In a holiday shortened week, the S&P500 crept up 1.0% on extremely low volume. Interestingly, the VIX rose over 2% for the week; it seems that traders are willing to buy more insurance “just in case” the stock market hits turbulence when they’re on vacation.
The flow of economic data was light, but mostly negative. The final revision to Q3 GDP came in well below (2.6%) expectations of 3.0%, and by far the largest factor behind the entire 2.6% growth was inventory growth–which is completely unsustainable as a source of GDP growth. Existing home sales also came in well below expectations. New home sales also disappointed vs. expectations; they were also 21% lower than last year’s November figure. Durable goods missed. Initial claims came in exactly as expected, but as usual, the prior week’s figure was revised negatively. Consumer sentiment was worse than expected. Personal income was slightly better than expected. Personal spending was slightly lower.
Needless to say, the technicals are all pointing to an overbought equity market, both on the daily and the weekly charts.
So what in the world can possibly explain the continued melt up in stock prices? Especially when, as reported by ICI, stock mutual funds have suffered from net outflows for 33 consecutive weeks? In other words, all data is strongly suggesting the average retail investor has been running away from the stock market for most of the year.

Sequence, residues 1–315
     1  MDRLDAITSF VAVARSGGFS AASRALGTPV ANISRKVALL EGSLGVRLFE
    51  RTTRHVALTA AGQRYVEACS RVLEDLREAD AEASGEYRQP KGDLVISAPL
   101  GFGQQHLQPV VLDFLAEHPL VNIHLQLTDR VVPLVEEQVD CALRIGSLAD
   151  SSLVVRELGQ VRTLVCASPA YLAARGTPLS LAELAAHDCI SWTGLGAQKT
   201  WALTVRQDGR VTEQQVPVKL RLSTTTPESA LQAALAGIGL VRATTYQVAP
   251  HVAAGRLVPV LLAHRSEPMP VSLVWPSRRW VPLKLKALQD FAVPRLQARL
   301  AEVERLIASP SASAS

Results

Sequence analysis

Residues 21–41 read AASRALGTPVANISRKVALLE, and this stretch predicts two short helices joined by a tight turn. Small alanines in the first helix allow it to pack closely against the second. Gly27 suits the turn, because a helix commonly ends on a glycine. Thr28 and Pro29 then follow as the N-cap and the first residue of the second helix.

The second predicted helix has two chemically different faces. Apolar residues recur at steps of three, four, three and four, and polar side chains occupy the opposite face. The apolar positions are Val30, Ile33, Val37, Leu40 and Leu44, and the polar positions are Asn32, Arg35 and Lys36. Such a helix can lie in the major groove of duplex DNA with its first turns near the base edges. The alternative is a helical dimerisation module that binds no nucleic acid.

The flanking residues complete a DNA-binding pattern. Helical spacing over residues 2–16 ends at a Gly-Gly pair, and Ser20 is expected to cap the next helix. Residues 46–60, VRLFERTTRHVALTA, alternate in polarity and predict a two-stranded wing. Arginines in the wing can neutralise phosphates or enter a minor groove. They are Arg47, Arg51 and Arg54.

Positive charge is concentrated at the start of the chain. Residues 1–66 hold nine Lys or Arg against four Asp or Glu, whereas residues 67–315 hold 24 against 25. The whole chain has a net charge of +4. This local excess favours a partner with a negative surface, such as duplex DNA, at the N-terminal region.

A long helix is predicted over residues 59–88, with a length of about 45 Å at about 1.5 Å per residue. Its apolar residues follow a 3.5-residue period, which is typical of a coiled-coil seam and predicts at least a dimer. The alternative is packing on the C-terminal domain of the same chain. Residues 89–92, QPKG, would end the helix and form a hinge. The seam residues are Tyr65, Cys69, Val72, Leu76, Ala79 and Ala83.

Charles Biderman, of TrimTabs Research has some ideas. A year ago, he asked the same question. When interviewed on CNBC, he expressed sincere confusion when he explained the numbers didn’t add up. He pointed out that almost all of the traditional money flow sources pointed to funds leaving the stock market. Yet prices were rising. His conclusion a year ago? Someone, someone big, was buying. His guess: the US government.
Flash forward to last week. In a follow up interview at CNBC, Biderman updated viewers on the money flows in the stock market. He noted that “retail investors are not coming back to the US. Those investors that are investing are buying global equities and are buying commodities. We are seeing lots of money going into commodity ETF funds, gold, silver…” He added that “pension funds and hedge funds don’t really have that much cash to invest.”
So who’s buying stocks?
The answer, courtesy of Biderman, is: “if the only buyer is the Fed, and the Fed stops buying, I don’t know what is going to happen…when I was on your show a year ago, I was saying the same thing: we can’t figure out who is doing the buying, so it has to be the government, and people said I was nuts. Now the government is admitting it is rigging the market.”
Wow. There you have it. Finally a widely respected market analyst coming out and stating the unspeakable–not only is our government artificially propping up stock prices, but pointing out the obvious conclusion: this market rigging cannot last forever, and when it ends, then the US stock market (and most likely all other international stick markets) will crash.
There, that ought to make you feel better. Go ahead, the government is daring you not to buy stocks. Just be sure to get out the day before they stop buying, or else you’ll lose everything you’ve made, and then some.